Goal to build 35,000 homes won’t be met without ‘significant changes’ – CIF

Changes to procurement and support for private housing needed, lobby group says

The Construction Industry Federation took aim at bureaucratic processes which it said add cost, and delay the delivery of public and private construction.  Photograph: Alan Betson / The Irish Times

The Construction Industry Federation took aim at bureaucratic processes which it said add cost, and delay the delivery of public and private construction. Photograph: Alan Betson / The Irish Times

 

The goal to build 35,000 homes per year won’t be achieved within the lifetime of this Government without “significant changes” in the processes to deliver housing, the lobby group for the construction sector said in its pre-budget submission.

In its submission for Budget 2021, the Construction Industry Federation (CIF) took aim at bureaucratic processes which it said add “cost and delay to the delivery of public and private construction”.

“It can take construction companies as little as 16 weeks to actually build a house or only a matter of years to construct motorways. Most of the time it takes to move from concept to completion derives from the State and its agencies,” the lobby group noted in its submission.

As a result, the group made a range of suggestions including changes to public procurement practices, measures to support private demand in housing, focus on regional infrastructure and emergency measures within the planning system.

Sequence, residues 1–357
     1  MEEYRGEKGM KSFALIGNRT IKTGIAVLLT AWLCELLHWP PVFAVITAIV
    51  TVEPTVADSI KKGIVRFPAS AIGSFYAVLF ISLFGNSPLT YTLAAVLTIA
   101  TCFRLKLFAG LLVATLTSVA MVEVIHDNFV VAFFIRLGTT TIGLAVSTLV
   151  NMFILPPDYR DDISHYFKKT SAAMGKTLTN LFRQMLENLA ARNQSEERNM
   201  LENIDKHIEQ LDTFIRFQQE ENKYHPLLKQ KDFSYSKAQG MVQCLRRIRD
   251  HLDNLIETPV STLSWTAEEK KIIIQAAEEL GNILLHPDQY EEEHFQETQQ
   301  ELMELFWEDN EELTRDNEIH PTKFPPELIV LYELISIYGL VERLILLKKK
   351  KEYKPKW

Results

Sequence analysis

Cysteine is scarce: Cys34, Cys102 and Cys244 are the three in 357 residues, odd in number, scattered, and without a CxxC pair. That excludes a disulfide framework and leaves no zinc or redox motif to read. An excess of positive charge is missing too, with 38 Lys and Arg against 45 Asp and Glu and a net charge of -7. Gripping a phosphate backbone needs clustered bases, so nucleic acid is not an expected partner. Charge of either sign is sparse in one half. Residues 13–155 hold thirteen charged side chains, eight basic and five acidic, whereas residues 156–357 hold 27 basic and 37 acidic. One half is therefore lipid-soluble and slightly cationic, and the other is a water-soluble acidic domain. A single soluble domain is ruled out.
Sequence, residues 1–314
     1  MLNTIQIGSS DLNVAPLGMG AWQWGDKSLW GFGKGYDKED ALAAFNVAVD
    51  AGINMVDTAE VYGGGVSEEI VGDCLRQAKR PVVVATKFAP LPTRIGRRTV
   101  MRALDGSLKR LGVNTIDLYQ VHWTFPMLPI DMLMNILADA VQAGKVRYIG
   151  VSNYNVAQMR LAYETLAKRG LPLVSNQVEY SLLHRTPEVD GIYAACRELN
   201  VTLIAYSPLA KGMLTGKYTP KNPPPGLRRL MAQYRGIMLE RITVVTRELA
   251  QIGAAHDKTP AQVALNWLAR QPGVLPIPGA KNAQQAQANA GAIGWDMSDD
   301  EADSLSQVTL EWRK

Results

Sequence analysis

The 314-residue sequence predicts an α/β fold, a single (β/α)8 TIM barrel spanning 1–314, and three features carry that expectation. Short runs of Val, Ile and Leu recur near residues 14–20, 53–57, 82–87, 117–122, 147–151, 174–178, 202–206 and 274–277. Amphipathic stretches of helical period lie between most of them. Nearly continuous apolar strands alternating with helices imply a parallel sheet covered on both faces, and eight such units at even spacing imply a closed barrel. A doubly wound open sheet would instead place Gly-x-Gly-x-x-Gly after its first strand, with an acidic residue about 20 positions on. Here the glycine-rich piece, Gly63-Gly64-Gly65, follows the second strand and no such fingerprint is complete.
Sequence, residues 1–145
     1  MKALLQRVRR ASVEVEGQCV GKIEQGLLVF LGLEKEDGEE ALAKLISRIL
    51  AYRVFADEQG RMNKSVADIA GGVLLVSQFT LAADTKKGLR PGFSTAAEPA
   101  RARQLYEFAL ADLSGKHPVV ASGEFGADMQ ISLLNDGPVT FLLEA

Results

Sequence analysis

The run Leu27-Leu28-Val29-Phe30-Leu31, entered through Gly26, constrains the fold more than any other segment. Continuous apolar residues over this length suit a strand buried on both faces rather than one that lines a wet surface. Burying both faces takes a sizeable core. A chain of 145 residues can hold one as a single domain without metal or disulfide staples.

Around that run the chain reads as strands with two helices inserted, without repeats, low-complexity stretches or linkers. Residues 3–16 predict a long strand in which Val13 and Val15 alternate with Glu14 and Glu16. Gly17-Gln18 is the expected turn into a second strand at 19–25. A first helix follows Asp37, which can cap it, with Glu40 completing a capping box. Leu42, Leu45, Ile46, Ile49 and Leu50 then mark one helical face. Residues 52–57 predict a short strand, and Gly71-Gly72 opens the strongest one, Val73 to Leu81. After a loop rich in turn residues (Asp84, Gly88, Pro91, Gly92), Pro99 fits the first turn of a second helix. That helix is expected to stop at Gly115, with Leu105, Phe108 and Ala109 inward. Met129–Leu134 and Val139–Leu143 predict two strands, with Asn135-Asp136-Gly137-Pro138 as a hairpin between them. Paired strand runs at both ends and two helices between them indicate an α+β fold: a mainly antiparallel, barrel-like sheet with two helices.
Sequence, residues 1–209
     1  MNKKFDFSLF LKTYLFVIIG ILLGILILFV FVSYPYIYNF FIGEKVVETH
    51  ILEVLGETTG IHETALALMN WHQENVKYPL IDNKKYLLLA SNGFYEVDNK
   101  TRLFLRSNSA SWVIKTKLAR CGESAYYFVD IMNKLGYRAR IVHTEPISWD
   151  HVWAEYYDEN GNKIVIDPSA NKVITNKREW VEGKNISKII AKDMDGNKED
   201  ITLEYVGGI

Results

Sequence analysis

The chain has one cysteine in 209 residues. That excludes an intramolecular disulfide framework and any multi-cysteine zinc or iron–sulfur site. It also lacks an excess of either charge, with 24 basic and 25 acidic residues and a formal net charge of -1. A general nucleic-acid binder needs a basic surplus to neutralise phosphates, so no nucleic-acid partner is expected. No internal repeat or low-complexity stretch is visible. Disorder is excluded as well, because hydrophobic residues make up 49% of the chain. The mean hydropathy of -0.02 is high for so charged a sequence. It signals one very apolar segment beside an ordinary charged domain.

The CIF called on the Government to secure €15 billion from the EU recovery fund to bolster the national development plan, the introduction of a shared equity scheme for private homes, and the extension of planning expiry dates so that development permissions are not lost due to Covid-19 disruptions.

“The current system, involving multiple bureaucratic, regulatory, and political objectives, adds cost and delay to the delivery of private and public construction,” said Construction Industry Federation president Tom Parlon.

“Other major issues include the slow pace of improving connectivity in the regions, the many blockages to improving housing output and affordability, the need for public investment to stimulate private investment and the overwhelming support for Project Ireland 2040,” he added.

Among specific measures the CIF proposed is one to increase Irish Water’s operational budget to €2 billion annually to enable it to accelerate essential water infrastructure. It also called for €3 billion to be spent on regional projects in the coming three years.

Stimulus package

A report prepared by professional services firm EY on behalf of the CIF estimated that for every €1 billion invested in infrastructure, housing and other construction-related activity, there’s an additional €1.85 billion of GDP output. Excluding levies, there’s also €140 million in exchequer revenue and €680 million circulating through the economy in terms of wages and profits.

A stimulus package of €15 billion, therefore, would generate an additional €27 billion in output.

“The Government has a unique opportunity to drive our recovery, solve the housing crisis, build climate change resilience and facilitate our Covid-19 response by increasing investment in infrastructure, housing, and other construction activity,” said Mr Parlon.

“The reality is that the construction industry is the economic sector best-placed to generate the economic activity to erode the debt from dealing with Covid-19.”